Solomon’s Blank Check

What would you do if God offered you anything in the world that you wanted? In “The Blank Check” we looked at a man named Lot, and what he did with his “Blank Check”, and how it did not turn out very well for him. Then in “Another Blank Check” we looked at a Prophet by the name of Balaam, and what he did with his Blank Check, and how it ultimately cost him his life. Now I would like to look at a man named Solomon who was offered Yet Another Blank Check.

First of all let’s take a look at who Solomon was, and why he was King over Israel. Solomon succeeded David as King of Israel; however he was not David’s firstborn son. Therefore the question becomes: Why was Solomon named King over Israel? In order to answer this question we must first take a look at when and where David’s sons were born.

Let’s look at 1 Chronicles 3:1-9. Here we see a list of David’s sons: Amnon, Daniel (Chileab), Absalom, Adonijah, Shephatiah, Ithream, Shammua, Shobab, Nathan, Solomon, Ibhar, Elishua, Eliphelet, Nogah, Nepheg, Japhia Elishama, Eliada, and Eliphelet. Now according to 1 Chronicles 3:4 the first six were born to David in Hebron where he reigned over Judah for 3 years, and 6 months. The other 13 sons were born in Jerusalem. The first four mentioned in 1 Chronicles 3:5 are born to Bathsheba. Now Solomon is listed as the last son in this list; however we know from 2 Samuel 12:24 that Solomon was David and Bathsheba’s first born living son, not the fourth.

Therefore Solomon was the firstborn son in Jerusalem after David was anointed King over all of Israel. David reigned as King in Jerusalem for 33 years. According to eastern tradition, the oldest son born after his father’s accession to the sovereign authority would be the proper heir to the throne. Therefore Solomon is the proper heir. This why other than Adonijah (1 Kings 1:5-9, 2:13-25) he didn’t receive any resistance once David named him as his successor.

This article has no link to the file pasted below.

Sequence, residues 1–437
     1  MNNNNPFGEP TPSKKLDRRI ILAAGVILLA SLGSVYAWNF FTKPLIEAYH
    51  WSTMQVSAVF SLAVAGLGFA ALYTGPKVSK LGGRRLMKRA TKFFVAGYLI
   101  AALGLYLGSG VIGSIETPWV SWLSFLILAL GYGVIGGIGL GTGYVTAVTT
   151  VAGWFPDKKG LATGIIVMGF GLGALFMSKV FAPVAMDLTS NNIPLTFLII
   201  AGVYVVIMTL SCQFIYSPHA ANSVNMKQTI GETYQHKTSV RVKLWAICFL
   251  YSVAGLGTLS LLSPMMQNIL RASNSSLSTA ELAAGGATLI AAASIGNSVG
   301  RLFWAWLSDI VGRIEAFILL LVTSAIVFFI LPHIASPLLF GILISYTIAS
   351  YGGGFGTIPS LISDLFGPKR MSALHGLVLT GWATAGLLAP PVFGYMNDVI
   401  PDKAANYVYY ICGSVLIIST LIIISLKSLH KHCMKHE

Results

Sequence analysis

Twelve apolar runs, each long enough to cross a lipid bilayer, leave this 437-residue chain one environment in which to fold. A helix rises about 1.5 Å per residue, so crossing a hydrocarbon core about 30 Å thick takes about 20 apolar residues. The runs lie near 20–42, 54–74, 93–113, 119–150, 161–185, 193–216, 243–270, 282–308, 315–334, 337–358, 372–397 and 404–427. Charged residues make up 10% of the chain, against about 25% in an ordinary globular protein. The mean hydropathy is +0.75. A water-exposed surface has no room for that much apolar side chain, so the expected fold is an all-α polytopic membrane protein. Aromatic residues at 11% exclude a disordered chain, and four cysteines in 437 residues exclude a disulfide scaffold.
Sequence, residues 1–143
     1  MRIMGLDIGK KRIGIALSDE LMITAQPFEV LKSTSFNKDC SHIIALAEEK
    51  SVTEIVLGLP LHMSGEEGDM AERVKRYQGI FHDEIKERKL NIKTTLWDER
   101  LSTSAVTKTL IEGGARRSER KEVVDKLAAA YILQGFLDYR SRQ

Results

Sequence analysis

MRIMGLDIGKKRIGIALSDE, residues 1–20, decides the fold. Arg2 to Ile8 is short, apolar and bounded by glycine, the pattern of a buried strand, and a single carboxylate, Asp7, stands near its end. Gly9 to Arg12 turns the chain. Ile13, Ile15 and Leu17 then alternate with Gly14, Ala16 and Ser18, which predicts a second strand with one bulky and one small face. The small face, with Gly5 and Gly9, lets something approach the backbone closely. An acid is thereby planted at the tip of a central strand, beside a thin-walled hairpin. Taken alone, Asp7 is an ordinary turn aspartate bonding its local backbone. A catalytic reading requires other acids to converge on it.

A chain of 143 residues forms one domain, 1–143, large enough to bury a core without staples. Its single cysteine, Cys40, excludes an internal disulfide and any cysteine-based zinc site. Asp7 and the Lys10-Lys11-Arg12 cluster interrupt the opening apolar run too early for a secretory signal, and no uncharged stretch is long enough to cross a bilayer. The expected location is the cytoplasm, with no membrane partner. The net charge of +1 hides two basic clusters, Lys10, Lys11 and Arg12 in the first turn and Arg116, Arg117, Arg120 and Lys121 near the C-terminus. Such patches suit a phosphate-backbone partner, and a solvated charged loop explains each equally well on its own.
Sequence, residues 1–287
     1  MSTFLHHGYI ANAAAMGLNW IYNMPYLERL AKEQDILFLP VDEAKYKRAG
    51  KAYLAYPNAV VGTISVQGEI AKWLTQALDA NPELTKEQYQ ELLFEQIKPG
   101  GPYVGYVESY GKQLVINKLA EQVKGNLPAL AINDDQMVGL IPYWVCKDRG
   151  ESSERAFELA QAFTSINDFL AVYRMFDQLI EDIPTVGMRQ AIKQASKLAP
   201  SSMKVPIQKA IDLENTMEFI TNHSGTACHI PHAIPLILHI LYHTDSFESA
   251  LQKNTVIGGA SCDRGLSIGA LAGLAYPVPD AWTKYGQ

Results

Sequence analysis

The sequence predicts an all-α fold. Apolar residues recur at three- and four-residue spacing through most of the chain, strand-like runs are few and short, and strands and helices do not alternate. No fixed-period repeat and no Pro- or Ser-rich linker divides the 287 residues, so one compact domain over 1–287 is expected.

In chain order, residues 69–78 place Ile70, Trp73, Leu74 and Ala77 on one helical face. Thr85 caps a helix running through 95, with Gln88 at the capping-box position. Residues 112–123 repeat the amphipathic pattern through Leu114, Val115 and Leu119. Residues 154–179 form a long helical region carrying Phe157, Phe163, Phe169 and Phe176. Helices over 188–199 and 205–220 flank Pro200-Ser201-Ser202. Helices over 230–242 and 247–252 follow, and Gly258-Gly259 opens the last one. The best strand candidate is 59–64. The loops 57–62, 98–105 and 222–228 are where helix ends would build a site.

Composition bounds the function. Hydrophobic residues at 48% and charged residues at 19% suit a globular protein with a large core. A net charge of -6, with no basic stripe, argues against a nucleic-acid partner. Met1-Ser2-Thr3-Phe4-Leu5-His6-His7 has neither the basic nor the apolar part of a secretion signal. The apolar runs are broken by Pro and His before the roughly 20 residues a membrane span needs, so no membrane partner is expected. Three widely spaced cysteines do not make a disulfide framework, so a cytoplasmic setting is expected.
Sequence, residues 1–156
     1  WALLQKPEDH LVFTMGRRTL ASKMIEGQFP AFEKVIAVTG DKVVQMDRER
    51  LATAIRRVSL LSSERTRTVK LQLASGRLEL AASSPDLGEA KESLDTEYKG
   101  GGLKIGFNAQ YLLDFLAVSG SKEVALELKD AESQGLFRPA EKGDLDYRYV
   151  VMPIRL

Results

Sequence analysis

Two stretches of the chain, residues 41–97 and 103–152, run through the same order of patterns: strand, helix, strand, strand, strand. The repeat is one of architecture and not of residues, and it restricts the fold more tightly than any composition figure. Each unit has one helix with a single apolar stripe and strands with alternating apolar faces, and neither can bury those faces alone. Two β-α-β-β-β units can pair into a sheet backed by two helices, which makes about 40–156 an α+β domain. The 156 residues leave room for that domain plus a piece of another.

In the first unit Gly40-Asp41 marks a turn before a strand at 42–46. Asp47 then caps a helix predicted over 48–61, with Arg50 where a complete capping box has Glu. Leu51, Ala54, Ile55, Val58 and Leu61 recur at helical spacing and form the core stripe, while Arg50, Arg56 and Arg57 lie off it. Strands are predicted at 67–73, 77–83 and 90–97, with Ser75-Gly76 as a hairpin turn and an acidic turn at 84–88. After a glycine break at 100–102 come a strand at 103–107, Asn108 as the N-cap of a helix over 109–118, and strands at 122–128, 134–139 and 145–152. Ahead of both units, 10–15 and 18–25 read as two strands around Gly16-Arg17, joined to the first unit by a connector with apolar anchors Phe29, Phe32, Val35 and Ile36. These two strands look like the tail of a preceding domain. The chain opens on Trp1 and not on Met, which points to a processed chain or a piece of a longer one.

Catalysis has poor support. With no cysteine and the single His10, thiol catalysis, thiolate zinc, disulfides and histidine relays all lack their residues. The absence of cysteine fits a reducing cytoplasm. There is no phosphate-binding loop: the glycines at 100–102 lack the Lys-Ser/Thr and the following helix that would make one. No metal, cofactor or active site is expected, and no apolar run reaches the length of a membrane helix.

This is how Solomon came to be King over Israel. As King, Solomon worshipped the Lord, and according to 1 Kings 3:3-9 he went to Gibeon to offer sacrifices to the Lord. This is when the Lord appeared to Solomon in a dream, and offered him his Blank Check. We see the offer made in 1 Kings 3:5. The Lord asks Solomon what he desires, and the implication is that whatever Solomon would ask for it would be his.

Now you would think that if you were offered a Blank Check from the Lord God himself that you wouldn’t have to worry about it going bad for you. But let’s take a look at Solomon’s Blank Check and see what it was, and how it turned out for him.

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First of all let’s see what Solomon asks for. I mean he could have asked for Riches, Health, Peace, Honor, a long life, a healthy family: The list could go on forever. Just imagine being offered limitless opportunities, resources, or desires from the creator himself. What would you ask for?

This Blank Check was worth so much more that Lot’s or Balaam’s checks were worth. So how did Solomon answer the Lord? Let’s look at 1 Kings 3:6-10 to see. Solomon fought back the likely temptation of asking for something in a selfish way. He instead asked God to give him the wisdom that would be necessary to rule the kingdom. Now this sounds like Solomon had it together, and there is no way that this could come back and bite him as did Lot’s and Balaam’s checks.

We see in 1 Kings 3:11-14, and again in 1 Kings 4:29-31 that the Lord honored Solomon’s request. So Solomon was offered a Blank Check, and he too cashed it in. At this point it looks like Solomon did right by his Blank Check. He wasn’t selfish, or covetous, but rather was giving, and selfless with his request. He understood the great demands that would be placed on him as King, and used his Blank Check to be the best king that he could be.